rsync should be perfectly fine for backing up an svn repository, as long as you are not backing up a repository that is currently active. I suspect that you are trying to backup an active repository which is problematical.
You don't say what errors are reported, which makes any attempt at diagnosis difficult. This is something I regularly moan about our users for - if an application gives you a specific message report that specific message to the people you are asking for diagnostics/support from, even if the message is in fact "an error occurred" or similar (as this does happen).
I'm guessing that the problems being reported are relating to files going missing (they were present during the initial scan but moved/renamed/deleted before that backup was complete), being locked, or apparently changed while rsync was reading them. You will see similar errors (or much worse: related but unreported problems) with most backup techniques if backing up a live svn service and you do not completely stop the svn service before starting the backup run.
Stopping all access to the repository while the backup run takes place may not be on option for you even if it is done in the dead of night (as you might have remote developers who work at different hours). If this is the case then there are a few options, including:
hot-backup.py to do a full backup of the repository while it is live as described in this section of the freely available Version Control with Subversion which is generally considered recommended reading. This will not be suitable directly for your remote backup as it will result in the full repo being sent over the line each time, but you can do the backup to a temporary local area and perform the
rsync (or anything else) based backup on that rather than the live repository.
If you are running on Linux and use LVM for your drive partitioning you could use LVM's snapshot facility to perform a similar feat as described in option 1. See here and here for example documentation of the technique. This does mean stopping access to the SNV service for a short while, for the length of time that the snapshot takes to be created, but this is near instant so much less likely to be an issue than needing to stop it for the whole backup operation.
Use incremental backups of the live repository, also mentioned in the above SVN book.
The LVM technique will be faster than
hot-backup.py-then-sync, but is not available to you without a chunk of extra work and learning unless you already use and are familiar with LVM. Its advantages are that it will be almost certainly be significantly quicker, and will use less disk space (though disk space is pretty cheaply available these days). LVM snapshots do affect write performance while they are present, but the difference is unlikely to be noticeable unless your repository is very very busy and performance will return to normal anyway at the end of the backup run when you drop the snapshot.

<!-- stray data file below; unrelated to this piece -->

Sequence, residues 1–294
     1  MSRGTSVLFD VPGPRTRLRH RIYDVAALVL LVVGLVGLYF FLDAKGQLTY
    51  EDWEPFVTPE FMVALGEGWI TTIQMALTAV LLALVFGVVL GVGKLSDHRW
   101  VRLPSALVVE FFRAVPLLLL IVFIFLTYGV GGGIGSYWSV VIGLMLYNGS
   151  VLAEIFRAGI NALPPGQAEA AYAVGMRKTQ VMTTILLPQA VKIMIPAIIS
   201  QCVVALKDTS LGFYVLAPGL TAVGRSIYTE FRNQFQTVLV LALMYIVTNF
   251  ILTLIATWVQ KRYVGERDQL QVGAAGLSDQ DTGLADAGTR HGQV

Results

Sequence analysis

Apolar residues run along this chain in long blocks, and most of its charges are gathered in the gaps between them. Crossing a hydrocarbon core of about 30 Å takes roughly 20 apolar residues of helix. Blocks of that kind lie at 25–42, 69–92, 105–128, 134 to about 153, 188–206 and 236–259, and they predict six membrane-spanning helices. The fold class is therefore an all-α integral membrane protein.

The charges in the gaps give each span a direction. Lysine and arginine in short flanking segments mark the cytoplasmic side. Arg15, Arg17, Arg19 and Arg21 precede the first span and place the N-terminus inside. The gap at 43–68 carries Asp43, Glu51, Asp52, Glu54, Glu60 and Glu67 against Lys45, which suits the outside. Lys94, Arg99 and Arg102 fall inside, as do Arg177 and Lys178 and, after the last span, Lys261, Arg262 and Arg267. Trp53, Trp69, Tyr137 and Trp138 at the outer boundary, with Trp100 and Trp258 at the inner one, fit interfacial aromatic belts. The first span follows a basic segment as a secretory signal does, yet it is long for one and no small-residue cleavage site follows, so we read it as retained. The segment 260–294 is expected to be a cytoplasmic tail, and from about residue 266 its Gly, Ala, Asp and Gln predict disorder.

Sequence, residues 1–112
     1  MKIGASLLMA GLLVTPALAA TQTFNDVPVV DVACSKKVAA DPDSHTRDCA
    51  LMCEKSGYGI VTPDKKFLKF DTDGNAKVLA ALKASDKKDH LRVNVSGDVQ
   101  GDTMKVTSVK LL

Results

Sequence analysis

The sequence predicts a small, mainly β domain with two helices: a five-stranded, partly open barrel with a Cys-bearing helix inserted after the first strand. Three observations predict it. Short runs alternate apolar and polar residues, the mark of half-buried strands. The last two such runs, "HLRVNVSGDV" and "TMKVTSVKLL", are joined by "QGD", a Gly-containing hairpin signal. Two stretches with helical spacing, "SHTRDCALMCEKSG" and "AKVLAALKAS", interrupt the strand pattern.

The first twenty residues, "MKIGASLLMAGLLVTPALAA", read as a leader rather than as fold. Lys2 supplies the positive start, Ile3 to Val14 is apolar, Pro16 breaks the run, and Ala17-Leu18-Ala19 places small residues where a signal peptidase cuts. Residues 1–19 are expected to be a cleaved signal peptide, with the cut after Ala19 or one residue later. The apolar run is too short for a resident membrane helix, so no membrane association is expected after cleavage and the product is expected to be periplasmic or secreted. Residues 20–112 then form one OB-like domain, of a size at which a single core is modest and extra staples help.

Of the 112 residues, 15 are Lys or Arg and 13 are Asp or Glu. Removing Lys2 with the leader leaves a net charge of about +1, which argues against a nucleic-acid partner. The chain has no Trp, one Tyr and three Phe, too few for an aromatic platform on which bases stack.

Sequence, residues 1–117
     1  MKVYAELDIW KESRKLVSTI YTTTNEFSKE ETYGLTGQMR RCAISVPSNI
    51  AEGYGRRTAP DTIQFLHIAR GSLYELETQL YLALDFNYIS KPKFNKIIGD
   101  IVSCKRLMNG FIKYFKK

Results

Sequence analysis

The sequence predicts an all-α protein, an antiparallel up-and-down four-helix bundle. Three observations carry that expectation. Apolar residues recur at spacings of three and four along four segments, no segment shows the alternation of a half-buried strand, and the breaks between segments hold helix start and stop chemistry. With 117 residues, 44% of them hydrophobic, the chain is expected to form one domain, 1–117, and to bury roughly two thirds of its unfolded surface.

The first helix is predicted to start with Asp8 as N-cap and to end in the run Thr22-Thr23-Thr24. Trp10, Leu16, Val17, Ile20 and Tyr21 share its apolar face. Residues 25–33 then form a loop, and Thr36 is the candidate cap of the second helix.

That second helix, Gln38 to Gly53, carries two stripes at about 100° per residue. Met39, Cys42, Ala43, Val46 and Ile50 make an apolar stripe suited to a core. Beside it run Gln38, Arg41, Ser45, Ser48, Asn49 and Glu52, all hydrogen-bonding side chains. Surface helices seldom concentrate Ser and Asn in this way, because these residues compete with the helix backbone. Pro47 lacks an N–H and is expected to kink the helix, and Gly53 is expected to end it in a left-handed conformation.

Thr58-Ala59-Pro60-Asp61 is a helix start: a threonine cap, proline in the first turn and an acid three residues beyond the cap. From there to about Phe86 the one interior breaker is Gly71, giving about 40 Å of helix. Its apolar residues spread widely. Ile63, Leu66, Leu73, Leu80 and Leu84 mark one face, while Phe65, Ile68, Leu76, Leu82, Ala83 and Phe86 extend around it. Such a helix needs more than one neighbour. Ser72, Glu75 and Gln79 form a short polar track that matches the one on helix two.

hot-backup.py method has the advantage of giving you a local backup too if you don't already have one - if you store the "hot copy" version on another machine you can restore this much more quickly than you can restore the remote copy if the primary machine dies in an event that doesn't affect the other (a drive controller failure, for example). It is also likely to be simpler to implement, unless you already use LVM and are familiar with it.
Incremental backups will be faster than both of these techniques, but less simple than hotcopy-then-sync and restoration after a complete disaster is potentially more complex unless you use the incremental backups to build a full repo copy at the other end (rather than just storing the incremental information). Rebuilding the repo at the other end is recommended anyway though, as this is a way of testing that your backup is in fact valid - even with the other techniques you should test your backups regularly (mantra: a backup is not a good backup unless it has been tested).
rsync should be perfectly fine for backing up an svn repository (as would many other techniques but I'm quite a fan of
rsync in most use cases myself) as long as you are not backing up a repository that is currently active - you need to stop the service or backup from some form of snapshot.